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The psychosis risk timeline: can we improve our preventive strategies? Part 3: primary common pathways and preventive strategies

  • Karen Romain (a1), Alexandra Eriksson (a1), Richard Onyon (a2) and Manoj Kumar (a3)


Psychosis is a recognised feature of several psychiatric disorders and it causes patients significant distress and morbidity. It is therefore important to keep knowledge of possible risk factors for psychosis up to date and to have an overview model on which further learning can be structured. This article concludes a three-part series. It gives a review of evidence regarding common pathways by which many risk factors come together to influence the development of psychosis and finalises our suggested overview model, a psychosis risk timeline. The three primary pathways considered are based on the major themes identified in this narrative review of recent literature and they focus on neurological, neurochemical and inflammatory changes. We link each back to the factors discussed in the first and second parts of this series that alter psychosis risk through different mechanisms and at different stages throughout life. We then consider and summarise key aspects of this complex topic with the aim of providing current and future clinicians with a model on which to build their knowledge and begin to access and understand current psychosis research and implications for future preventive work.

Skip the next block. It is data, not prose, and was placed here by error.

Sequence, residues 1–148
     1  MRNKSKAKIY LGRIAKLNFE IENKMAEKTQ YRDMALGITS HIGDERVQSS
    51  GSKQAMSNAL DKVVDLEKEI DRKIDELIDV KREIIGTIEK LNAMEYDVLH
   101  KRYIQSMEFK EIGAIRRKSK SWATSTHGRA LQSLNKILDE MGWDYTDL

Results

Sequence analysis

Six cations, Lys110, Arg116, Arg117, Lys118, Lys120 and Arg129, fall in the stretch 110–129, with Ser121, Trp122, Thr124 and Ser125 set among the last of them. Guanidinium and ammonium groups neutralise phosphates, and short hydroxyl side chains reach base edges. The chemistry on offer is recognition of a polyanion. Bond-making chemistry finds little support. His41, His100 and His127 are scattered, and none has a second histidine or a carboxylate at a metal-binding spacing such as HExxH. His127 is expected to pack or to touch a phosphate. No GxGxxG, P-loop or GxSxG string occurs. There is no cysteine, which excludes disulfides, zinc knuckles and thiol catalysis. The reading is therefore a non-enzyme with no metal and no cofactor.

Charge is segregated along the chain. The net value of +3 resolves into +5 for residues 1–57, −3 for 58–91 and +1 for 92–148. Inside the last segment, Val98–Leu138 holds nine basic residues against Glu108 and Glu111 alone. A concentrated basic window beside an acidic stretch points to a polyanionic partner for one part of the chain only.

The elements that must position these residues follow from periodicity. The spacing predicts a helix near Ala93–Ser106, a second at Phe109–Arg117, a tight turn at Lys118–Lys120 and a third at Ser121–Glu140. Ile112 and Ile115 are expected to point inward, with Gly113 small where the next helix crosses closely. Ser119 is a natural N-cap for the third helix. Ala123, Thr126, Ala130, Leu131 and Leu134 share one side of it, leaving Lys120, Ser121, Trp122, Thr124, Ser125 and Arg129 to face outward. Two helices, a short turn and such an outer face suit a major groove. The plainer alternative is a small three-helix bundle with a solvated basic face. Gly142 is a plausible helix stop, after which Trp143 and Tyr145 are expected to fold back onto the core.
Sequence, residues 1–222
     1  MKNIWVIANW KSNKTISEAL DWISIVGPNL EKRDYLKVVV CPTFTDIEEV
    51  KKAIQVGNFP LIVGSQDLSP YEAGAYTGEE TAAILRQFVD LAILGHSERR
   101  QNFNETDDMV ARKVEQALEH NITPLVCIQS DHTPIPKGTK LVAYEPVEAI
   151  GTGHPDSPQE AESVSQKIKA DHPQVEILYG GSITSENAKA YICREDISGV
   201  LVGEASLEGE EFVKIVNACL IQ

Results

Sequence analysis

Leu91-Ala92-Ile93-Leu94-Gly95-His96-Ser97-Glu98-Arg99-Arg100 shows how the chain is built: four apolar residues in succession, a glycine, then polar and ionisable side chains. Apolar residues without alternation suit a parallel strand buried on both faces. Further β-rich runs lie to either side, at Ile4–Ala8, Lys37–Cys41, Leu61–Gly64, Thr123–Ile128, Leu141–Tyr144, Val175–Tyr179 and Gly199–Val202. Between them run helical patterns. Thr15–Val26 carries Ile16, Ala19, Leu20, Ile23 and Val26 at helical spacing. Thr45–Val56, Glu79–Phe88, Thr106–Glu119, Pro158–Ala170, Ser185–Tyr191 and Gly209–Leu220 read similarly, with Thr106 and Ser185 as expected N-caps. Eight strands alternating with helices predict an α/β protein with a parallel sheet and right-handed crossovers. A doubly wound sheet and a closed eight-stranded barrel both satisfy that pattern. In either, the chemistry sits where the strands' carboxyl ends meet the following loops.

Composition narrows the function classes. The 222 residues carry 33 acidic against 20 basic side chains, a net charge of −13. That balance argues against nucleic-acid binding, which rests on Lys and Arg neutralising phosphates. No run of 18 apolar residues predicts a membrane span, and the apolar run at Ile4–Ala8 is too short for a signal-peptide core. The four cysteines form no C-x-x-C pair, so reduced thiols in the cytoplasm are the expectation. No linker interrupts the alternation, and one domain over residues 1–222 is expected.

After reading this article you will be able to:

  • give an overview of common pathways thought to link identified risk factors with psychosis development
  • understand neurochemical, neurostructural and inflammatory changes associated with psychosis
  • demonstrate increased knowledge of possible preventive strategies.




Corresponding author

Correspondence Dr Karen Romain, St Michael's Hospital, Warwick CV34 5QW, UK. Email:


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Parts 1 and 2 of this series appear in this issue. For a commentary on the three articles, see this issue.



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The psychosis risk timeline: can we improve our preventive strategies? Part 3: primary common pathways and preventive strategies

  • Karen Romain (a1), Alexandra Eriksson (a1), Richard Onyon (a2) and Manoj Kumar (a3)
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